Salvia, so many

There are times when doing daily posts gets difficult for lack of topics. I typically have several days worth of ideas and photos queued up, so each morning it's just a matter of picking which topic I feel like writing about. Sometimes though, the list dwindles or disappears entirely, and I get nervous that I won't be able to think of a topic for the next morning's post.

That's when I grab the camera (weather permitting) and head out into the garden, hoping I'll find something worthwhile to share. This happened two days ago when I was looking around the yard thinking "there's nothing here exciting me", a little knot of worry starting to tie in my belly. Then I saw the Salvia coccinea and thought "I'll take some Salvia photos -- there are a couple in flower right now!"


What I realized is I have no fewer than ten different species of Salvias in the garden right now. Ten! Two of them are not blooming right now, but that still leaves eight, so let's get started.

The most noticeable most years is the coccinea or "Scarlet Sage". This grows as an annual for me and has been in my garden almost from the start: the first photographic evidence I have of this in my early garden is from 2003, but I may have had it a year earlier.

This has been reseeding every year since, and appears in different forms. My favorite has the "black" calyxes -- the all-green forms don't look as good to me. This year I have fewer of these than usual. Was it the mild winter that somehow interfered with reseeding?

I also had some pink ("coral") versions of this growing last year, and apparently they didn't reseed either. I've grown white ones in the past too, but I haven't been able to find any of those in recent years. I need to find a reliable source of seeds for 'White Nymph'! (Anybody growing this?)

Next up is another non-hardy one here: Mexican Sage, Salvia leucantha:

This takes almost every single day of growing time we have to flower, and you can see that it's just beginning now. I'll dig these up after it gets cold and/or take cuttings to overwinter. Or I'll just buy new small plants in the spring. I may try a heavy mulch over one of them in the ground -- this may work, especially if we have another mild winter.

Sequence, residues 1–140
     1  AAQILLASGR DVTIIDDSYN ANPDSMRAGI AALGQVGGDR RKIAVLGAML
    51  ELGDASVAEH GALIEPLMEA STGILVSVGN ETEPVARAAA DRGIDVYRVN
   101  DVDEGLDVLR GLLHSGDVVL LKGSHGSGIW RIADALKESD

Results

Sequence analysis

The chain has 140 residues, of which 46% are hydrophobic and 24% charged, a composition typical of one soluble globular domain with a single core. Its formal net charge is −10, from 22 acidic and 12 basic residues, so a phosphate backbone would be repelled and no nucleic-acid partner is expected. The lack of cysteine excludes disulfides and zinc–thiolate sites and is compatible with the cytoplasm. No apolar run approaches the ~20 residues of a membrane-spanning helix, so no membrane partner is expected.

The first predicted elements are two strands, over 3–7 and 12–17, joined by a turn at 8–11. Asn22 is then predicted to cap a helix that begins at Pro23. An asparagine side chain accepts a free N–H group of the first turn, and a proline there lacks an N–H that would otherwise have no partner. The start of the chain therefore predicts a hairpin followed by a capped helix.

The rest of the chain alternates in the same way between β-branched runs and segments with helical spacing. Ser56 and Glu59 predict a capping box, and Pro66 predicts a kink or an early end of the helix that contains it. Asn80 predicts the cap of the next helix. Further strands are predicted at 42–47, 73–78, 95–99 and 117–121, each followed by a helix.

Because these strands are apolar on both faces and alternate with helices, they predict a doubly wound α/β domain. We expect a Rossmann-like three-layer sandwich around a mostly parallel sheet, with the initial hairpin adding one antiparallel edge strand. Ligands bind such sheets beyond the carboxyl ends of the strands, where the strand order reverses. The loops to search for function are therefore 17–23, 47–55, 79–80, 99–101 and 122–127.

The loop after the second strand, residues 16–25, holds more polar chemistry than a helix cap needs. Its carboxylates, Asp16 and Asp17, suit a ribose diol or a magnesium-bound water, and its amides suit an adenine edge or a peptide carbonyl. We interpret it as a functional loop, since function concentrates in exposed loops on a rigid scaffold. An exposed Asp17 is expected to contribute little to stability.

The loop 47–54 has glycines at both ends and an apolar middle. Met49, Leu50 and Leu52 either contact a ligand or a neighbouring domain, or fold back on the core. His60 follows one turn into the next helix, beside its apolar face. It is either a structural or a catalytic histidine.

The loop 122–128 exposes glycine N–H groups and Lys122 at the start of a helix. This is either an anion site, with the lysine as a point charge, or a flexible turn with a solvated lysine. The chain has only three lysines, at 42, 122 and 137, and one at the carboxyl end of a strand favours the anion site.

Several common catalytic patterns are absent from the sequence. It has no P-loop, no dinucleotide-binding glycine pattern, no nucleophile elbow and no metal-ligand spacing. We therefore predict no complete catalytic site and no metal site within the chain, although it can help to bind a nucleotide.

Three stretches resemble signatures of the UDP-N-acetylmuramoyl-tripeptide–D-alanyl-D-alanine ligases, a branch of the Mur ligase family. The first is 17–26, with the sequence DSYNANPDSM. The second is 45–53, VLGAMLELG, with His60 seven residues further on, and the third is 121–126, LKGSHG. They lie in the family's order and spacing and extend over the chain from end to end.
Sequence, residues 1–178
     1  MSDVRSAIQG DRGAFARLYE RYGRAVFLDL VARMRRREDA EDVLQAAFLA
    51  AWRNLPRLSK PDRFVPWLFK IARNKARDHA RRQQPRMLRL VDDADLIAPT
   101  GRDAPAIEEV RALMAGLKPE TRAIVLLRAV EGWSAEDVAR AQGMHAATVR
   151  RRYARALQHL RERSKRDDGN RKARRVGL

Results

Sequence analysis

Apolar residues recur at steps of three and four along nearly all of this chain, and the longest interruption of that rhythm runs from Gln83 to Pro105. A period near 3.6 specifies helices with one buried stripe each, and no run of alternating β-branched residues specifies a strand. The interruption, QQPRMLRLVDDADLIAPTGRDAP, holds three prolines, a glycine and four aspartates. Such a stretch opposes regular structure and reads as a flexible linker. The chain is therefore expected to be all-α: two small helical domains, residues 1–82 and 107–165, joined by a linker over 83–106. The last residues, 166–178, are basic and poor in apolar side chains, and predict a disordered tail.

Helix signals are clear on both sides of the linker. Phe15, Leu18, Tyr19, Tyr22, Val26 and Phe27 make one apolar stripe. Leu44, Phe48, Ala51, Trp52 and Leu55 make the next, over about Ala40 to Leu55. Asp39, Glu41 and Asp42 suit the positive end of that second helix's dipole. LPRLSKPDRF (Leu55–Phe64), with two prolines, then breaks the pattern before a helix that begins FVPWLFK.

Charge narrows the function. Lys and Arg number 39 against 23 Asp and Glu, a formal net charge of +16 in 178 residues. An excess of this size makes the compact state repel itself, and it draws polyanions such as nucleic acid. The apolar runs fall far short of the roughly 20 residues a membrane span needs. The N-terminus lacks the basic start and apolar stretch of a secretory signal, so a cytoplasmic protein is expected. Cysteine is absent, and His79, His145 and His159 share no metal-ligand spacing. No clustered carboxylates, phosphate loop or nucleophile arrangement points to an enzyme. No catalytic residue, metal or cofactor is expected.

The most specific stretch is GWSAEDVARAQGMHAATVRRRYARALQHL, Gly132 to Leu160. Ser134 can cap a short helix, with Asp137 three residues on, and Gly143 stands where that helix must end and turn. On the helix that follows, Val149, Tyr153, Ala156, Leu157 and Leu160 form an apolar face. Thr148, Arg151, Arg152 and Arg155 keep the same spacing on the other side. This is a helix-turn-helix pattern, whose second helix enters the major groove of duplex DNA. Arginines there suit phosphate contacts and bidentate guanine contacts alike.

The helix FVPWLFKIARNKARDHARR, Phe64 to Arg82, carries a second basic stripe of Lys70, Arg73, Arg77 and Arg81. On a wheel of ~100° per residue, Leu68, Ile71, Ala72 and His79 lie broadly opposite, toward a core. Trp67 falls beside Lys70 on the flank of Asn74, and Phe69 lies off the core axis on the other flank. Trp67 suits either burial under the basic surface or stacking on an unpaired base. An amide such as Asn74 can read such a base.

Hummingbirds love these fuzzy, fuzzy blooms, but most of the hummers have left already. I'll have to get these going earlier next year!

Enough of these tender varieties -- how about a Missouri native Salvia azurea!

The common name for this one is "Blue sage" (how did they come up with that one?) and I always forget I have it. It emerges quite early in the year and if I don't pinch it back once or twice (I usually don't) it gets quite tall and may flop over. It's supported by other plants this year it seems.

It does gently reseed, but I should be more proactive, collect seed, and start some more of these in the spring. It would be nice to have a larger patch of these in my "prairie" area.

Salvia officinalis (the culinary herb Sage) is quite cold-hardy too:

It does tend to get woody and poop out after a few years though, but mine have been going strong for longer than that.

Usually flowers in late spring or oearly summer, but the plant appears to have put up a single fall bloom just for these photos. I actually prefer the foliage to the flowers on this species and wish it wouldn't bloom at all. I'll live with them though.

Another cold-hardy one is Salvia greggii, or "Autumn sage". The one I grow is 'Wild Thing'. I chose it several years ago from the High Country Gardens catalog because it specifically mentioned growing in a St. Louis garden for many years.

It's certainly done well for me, but if you're not into fluorescent pink then you should probably skip this one -- the blooms are just electric!

I wouldn't have chosen this one had I known it would be so "in your face", but now that I have it I'd never get rid of it. It's just great, and blooms for such a long time!

Another one that I originally purchased as an annual before realizing it was perennial some winters or just keeps reseeding in the same spot is Salvia farinacea 'Victoria Blue' -- or at least that's what I think it was.

I thought this one was 'Victoria Blue' as well, but the plants don't look the same, and this one has been ravaged by powdery mildew while the previous one is unblemished:

I only noticed the powdery mildew when taking this photo, but the plant is in bad shape. So I'm not sure what either of these Salvias are right now. I may still have the tags for the mildewed one, but I'll have to dig around.